Do you remember LiveJournal? If you’re of a certain age, you probably do. It was one of the social media platforms popular before terms like “social media” became widely circulated—a kind of haven for kids who often felt more comfortable expressing themselves through writing than spoken conversation, or at least who were interested in publishing their adolescent musings for a small audience of friends.
What is left when the chips are truly down? When half of the country is on fire? Is it wishful thinking to rely on the presence of a “something” that shines in our fists or our hearts?
The mid-section of Stellaris isn’t fun, and that’s why I love it. Beyond the sci-fi trappings and Civilization-esque feedback loop waits an embedded critique of late capitalism, of the long and painful transition from a flawed democracy into a resource-obsessed, neoliberal culture overwhelmed by the interests of splinter groups like the Tea Party.
I think video games like pieces of art can find the Waldos that society sometimes cannot, and also, I think maybe the developers want us to think about why they do certain things in video games. I think a way to dismantle these kinds of racial stigmas in games would just be, for starters, to have a main character that is a person of color.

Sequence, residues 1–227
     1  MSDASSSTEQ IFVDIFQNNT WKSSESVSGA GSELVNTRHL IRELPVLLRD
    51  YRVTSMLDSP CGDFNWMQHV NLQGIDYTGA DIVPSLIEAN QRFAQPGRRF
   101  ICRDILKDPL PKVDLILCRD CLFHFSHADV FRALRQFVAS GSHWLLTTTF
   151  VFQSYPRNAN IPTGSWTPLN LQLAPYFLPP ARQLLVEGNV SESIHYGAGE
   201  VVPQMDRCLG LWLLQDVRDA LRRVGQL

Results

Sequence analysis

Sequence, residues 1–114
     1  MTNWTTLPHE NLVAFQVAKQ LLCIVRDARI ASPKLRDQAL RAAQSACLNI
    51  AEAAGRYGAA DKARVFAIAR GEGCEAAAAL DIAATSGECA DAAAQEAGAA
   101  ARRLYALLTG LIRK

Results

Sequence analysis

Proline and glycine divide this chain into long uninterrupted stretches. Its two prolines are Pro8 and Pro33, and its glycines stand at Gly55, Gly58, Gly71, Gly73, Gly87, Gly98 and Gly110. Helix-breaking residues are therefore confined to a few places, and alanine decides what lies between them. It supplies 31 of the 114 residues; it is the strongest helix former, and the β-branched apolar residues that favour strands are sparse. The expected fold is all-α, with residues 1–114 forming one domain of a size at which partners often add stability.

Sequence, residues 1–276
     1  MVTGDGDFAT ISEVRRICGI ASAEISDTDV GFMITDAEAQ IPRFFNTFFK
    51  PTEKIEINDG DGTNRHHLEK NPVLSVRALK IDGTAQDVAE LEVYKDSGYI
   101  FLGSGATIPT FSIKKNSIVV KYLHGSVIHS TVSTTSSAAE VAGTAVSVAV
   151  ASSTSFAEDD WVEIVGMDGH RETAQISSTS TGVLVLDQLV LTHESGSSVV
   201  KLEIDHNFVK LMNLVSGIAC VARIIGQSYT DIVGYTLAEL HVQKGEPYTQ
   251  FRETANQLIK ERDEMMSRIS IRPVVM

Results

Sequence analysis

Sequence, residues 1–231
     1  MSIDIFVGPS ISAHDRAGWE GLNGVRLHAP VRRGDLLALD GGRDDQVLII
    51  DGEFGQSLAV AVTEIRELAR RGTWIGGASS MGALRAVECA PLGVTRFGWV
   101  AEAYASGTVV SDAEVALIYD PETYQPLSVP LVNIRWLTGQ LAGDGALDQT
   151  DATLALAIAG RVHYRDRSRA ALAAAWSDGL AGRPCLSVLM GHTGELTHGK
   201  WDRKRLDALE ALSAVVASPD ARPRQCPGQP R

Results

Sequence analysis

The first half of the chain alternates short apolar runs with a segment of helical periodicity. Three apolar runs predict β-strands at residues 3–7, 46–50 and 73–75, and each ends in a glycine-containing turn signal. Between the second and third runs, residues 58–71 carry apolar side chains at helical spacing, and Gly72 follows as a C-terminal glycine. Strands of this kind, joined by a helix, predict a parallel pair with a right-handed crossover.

I think Roberta Williams and her team probably did a great job at the time of including so many different representations of women. It just gets back to that issue of representation vs. agency, like in some of the conversations about what’s coming out of Hollywood.
On those weekends, Dad and I would play video games—mostly RPGs. To be honest, a lot of the time, he played and I watched. I was a timid kid, afraid of making a wrong turn in a dungeon or, God forbid, killing the characters in battle.
Maybe the common denominator of my work is the question of making livable, meaningful lives for ourselves. We tend to think that’s the goal, but just how possible or achievable is it? Is it better to travel and enjoy oneself, or to devote oneself to a worthy vocation?
Fallout 2 might be my favorite game of all time. It doesn’t have the same nostalgia factor that earlier games like Final Fantasy or Chrono Trigger have, and it will never match the replay factor of the Ogre Battle series. It’s not as mind-numbing as Ken Griffey Jr. or Romance of the Three Kingdoms, and it doesn’t have the camaraderie associations that Tekken 3 has. But what it does have is this: perfection.
I think about certain things differently because I played so many video games. The Harvest Moon games influenced how I conceptualize life in general and especially making and spending money, a topic I’m still obsessed with today. Every time I do anything even remotely adventurous, I pretend I’m Lara Croft from Tomb Raider.
I don’t always identify exclusively with female characters. As a kid, Luke Skywalker and Robin Hood were two of my fondest role models. But usually, I do find it easier to focalize through women.
I’ve played close to 300 hours of Stardew, and it’s because it makes me feel peaceful, cheerful, satisfied. It’s like deeply breathing. There is something serene about the soundscape, the way it feels when a day begins with rain, or you crack open a geode, or wrestle with a difficult fish.